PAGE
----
- Trade chat– Peer-to-peer marketplaces will often have live trade chats that will allow you to communicate with your trade partner. This can help the trading be more efficient as any clarifications can be made between the buyer and seller at any time. This feature will also allow people to form business relationships that could be beneficial for both parties.
- Personalized offers– As mentioned earlier, buyers and sellers can set their preferences when it comes to searching/creating offers. Buyers can choose among a long list of offers depending on the price of the bitcoin, the currency, the payment method, etc. Sellers can tailor those offers according to their preferences as well. They can set the price of their bitcoin (profit percentage), preferred currency, and some platforms even offer a “near-you” style of offer that would only show buyers the offer if they were geographically near them.
Although traditional bitcoin exchanges seem easier because of the platform acting as a middleman, there are often extra fees attached to that. Fewer fees are implemented on both buyers and sellers on these platforms, making peer-to-peer platforms more cost-efficient than its predecessor.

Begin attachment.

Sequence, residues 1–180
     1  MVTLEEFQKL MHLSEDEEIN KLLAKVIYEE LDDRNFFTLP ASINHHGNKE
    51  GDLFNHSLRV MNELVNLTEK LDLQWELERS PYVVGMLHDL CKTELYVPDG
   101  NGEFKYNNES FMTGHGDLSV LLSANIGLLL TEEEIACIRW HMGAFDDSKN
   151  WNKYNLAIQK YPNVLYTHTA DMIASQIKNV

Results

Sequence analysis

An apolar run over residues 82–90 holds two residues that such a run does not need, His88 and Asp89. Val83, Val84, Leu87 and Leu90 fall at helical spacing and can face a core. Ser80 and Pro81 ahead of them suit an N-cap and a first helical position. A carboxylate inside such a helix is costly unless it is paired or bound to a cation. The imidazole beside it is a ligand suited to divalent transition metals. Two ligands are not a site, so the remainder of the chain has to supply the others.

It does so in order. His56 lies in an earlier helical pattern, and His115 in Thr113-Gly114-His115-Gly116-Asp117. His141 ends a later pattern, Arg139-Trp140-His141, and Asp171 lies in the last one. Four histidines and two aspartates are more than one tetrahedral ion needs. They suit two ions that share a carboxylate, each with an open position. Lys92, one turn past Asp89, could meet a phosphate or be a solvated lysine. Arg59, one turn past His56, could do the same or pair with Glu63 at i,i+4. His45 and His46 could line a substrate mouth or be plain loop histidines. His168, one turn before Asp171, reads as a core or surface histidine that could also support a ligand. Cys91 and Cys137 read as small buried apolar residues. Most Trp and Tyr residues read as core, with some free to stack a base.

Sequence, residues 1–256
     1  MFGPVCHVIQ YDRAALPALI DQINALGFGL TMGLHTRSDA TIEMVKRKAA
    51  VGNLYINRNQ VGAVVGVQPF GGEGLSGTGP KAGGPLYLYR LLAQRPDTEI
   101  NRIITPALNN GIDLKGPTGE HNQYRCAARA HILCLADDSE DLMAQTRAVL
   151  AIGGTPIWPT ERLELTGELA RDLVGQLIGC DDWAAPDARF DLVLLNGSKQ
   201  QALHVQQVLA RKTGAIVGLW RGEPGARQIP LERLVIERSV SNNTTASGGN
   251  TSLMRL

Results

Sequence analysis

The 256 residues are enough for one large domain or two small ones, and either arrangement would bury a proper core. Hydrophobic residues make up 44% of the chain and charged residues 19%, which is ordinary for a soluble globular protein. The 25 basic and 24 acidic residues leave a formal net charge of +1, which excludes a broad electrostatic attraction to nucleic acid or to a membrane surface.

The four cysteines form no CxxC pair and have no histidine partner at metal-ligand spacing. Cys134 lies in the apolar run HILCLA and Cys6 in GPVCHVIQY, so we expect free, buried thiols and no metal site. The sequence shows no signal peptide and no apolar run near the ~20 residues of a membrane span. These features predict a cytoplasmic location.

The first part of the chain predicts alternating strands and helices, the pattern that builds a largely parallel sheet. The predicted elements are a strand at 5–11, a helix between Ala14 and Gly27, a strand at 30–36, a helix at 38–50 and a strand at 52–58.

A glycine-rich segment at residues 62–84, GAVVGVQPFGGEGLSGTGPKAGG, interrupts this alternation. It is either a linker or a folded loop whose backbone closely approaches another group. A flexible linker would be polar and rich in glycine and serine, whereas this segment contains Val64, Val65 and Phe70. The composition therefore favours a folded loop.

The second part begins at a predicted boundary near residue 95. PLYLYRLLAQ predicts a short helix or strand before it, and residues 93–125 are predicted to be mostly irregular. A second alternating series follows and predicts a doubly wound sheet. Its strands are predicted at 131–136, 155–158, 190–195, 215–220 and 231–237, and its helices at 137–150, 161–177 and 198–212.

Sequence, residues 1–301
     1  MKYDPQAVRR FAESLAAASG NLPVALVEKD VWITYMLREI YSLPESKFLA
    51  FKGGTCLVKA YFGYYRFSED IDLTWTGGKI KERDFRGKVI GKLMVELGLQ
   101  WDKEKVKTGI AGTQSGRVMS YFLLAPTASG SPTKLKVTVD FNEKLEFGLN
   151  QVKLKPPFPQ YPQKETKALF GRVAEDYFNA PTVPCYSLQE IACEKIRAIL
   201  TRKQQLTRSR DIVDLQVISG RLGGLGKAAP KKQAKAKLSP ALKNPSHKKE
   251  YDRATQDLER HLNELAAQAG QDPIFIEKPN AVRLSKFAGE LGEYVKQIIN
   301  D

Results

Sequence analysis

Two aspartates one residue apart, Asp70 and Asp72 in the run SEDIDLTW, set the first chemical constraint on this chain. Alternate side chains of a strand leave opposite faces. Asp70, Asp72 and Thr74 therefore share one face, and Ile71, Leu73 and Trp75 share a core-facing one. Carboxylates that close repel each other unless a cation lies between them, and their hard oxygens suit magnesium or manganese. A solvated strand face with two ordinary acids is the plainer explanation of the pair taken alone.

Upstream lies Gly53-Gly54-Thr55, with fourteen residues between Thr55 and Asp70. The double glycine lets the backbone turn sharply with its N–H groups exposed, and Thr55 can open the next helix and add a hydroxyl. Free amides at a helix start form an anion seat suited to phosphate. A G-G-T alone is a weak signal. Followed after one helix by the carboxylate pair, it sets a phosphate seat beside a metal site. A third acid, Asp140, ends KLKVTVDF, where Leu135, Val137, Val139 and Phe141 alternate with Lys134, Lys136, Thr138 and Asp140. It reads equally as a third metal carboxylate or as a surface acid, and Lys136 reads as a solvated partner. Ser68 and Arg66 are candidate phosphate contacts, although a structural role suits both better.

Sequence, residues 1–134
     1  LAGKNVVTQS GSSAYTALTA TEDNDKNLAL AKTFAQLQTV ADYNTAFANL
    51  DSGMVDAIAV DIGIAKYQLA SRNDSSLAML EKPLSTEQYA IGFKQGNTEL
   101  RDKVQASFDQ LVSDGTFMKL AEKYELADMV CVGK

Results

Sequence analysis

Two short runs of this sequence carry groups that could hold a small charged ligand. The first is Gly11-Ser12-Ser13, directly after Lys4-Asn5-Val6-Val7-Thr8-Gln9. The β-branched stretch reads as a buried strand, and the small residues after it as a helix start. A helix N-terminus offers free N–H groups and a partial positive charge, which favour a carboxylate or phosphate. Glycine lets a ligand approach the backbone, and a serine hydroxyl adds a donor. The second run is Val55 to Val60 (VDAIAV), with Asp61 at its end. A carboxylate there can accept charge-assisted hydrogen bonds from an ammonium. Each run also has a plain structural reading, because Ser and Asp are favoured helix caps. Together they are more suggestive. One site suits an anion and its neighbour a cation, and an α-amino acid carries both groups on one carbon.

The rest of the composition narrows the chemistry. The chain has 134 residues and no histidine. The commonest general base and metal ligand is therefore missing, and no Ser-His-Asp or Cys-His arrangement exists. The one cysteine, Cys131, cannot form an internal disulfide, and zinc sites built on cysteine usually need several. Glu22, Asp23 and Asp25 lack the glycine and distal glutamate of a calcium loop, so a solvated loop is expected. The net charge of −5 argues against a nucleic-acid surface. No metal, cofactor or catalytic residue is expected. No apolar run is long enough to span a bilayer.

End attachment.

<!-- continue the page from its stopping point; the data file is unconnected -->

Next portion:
Last but not the least, trades are not affected by the price of bitcoin. If you’re constantly trading on a peer-to-peer marketplace, the price will never matter since your money is technically changing form over and over again. If you buy bitcoins at a certain price for a $20 gift card, you’ll be able to buy the gift card back—selling bitcoins for gift cards. Peer-to-peer marketplace users are not/should not be phased by dips in bitcoin’s price. Even during the most recent dip (where the price dropped to around $3,000), there are reports that show that trading volume was even higher on these platforms.
Cons: Anyone can trade
As mentioned several times in this article, traditional bitcoin exchanges often act as a middleman and help buyers and sellers trade—making it much easier for the traders. Peer-to-peer marketplaces can come off as a little intimidating (especially to newbies) as the learning curve is much steeper. This is mainly due to the nature of trading on these platforms.